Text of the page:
Mar 25, 2011

Up Close at the Philippine Tarsier

The Philippine Tarsier is a shy nocturnal animal that leads a mostly hidden life and are normally only active during the night to hunt for food (mainly insects). Known locally as the Maumag in Visayan and Mamag in Luzon with the scientific name or Latin name is Tarsius Syrichta. Have brownie grey fur and a bald tale which is about twice as long as its body. It is one of the smallest known primates and is believed to be about 45 million years old as a species.

The Tarsier species is considered endangered, with a decreasing habitat due to deforestation and the fact that it does not take to well to captivity, the management of the survival of the Philippine Tarsier is as important as ever.

The Philippine Tarsier Foundation

The Philippine Tarsier Foundation Inc. was established in 1996 to conserve, promote, research and establish a sanctuary for the Philippine Tarsier. By doing so the foundation is attempting to bring tourism in an eco friendly way to the Philippine Tarsier.

For the past 45 million years, tarsiers have inhabited rainforests around the world, but now they only exist on a few islands in the Philippines, Borneo and Indonesia. In Bohol, the Philippine Tarsier was a common sight in the southern part of the island until the 1960's. Once protected by the humid rainforests and mist-shrouded hills, these mysterious primates struggle to survive as their home is cleared for crop growing and poaching.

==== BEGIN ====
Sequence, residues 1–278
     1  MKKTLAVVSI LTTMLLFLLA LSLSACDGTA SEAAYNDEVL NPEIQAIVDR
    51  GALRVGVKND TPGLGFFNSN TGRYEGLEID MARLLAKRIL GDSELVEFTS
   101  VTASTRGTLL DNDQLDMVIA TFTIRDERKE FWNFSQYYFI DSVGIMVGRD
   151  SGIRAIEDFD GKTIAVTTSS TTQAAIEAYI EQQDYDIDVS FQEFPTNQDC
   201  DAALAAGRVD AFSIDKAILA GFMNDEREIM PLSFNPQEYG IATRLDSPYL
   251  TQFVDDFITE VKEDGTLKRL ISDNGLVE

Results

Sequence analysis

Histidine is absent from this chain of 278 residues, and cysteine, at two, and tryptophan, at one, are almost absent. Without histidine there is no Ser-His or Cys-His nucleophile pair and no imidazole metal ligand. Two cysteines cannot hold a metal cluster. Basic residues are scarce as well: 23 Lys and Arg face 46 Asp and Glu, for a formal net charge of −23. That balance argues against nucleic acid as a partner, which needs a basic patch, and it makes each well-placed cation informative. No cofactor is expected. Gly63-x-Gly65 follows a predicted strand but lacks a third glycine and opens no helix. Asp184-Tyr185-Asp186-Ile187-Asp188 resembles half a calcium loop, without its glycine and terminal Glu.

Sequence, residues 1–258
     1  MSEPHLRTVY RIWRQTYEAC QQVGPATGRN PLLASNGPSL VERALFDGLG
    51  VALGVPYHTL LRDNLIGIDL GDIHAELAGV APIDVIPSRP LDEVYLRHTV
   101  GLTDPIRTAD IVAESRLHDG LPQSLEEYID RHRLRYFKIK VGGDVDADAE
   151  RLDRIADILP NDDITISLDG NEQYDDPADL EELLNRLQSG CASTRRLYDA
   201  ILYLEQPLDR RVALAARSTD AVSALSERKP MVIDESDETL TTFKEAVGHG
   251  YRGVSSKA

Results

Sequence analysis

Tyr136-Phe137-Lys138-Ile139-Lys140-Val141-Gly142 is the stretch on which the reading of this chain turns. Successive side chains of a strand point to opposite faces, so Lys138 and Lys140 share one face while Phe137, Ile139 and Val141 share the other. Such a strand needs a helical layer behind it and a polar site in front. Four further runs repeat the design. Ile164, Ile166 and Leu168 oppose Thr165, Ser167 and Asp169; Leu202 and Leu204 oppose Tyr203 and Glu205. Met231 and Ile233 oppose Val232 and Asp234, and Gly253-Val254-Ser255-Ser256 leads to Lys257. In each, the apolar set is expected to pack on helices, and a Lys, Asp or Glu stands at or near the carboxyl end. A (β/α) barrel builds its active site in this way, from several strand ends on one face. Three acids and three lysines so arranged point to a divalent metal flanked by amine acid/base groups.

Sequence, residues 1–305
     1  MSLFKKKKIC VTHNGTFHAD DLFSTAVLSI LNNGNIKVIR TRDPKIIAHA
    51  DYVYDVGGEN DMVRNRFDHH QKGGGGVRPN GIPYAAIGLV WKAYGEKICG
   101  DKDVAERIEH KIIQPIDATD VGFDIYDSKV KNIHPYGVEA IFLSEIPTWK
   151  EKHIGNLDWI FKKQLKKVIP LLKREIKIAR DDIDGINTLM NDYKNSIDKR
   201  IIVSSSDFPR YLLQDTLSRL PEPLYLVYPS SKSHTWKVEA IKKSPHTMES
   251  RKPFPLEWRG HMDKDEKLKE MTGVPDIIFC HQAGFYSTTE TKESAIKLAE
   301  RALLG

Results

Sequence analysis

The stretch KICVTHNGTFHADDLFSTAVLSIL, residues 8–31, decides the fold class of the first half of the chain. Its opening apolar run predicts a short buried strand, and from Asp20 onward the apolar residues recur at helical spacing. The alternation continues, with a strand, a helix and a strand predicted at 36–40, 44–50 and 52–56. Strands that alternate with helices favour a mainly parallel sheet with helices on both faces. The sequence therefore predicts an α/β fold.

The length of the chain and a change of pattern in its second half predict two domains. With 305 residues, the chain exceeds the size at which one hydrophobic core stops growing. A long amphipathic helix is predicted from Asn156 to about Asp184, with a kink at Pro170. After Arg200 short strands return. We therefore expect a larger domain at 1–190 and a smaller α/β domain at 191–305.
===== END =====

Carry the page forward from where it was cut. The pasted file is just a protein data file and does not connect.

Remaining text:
To date, the Philippine Tarsier Foundation has acquired 7.4 hectares of land in Corella, Bohol for a Tarsier sanctuary. With the Department of Environment and Natural Resources playing an oversight role, the foundation has asked other Bohol towns with Philippines Tarsier populations to donate 20 hectares (49.4 acres) of forestland for conservation.

It also runs a Tarsier Research and Development Center, which serves as a visitor center and venue for research, as well as a habitat preserve. At the sanctuary, a spacious net enclosure keeps a number of Philippine Tarsiers for feeding, captive breeding and display. Here, visitors can observe the Philippine Tarsier in their natural habitat. Within the sanctuary, the Philippine Tarsiers roam freely and all of them have got used to a seven-foot high fence that circumscribes the territory and which serves mainly to protect them from predators like feral cats while maintaining a theoretical chance for tarsiers to leave the enclosure and return as their wish.

Do not visit the caged Tarsiers which are elsewhere on the island (especially in Loboc). These are kept in insufficient conditions and often die of stress from the visitors and poor care. Dead animals are frequently replaced by new one illegally captured from the while creating a high stress on the yet surviving population.

Photos are courtesy of LeeWay.

1 comment:

  1. I had been to Bohol and one of our activity was visiting a tarsier. Actually Manong Driver brought us to a residential area where there are tarsiers in their garden, tarsiers were not cage but just hanging in plants or trees. Dont know if thats legal or what. Anyways, I know tarsier is suicidal when under stress :(


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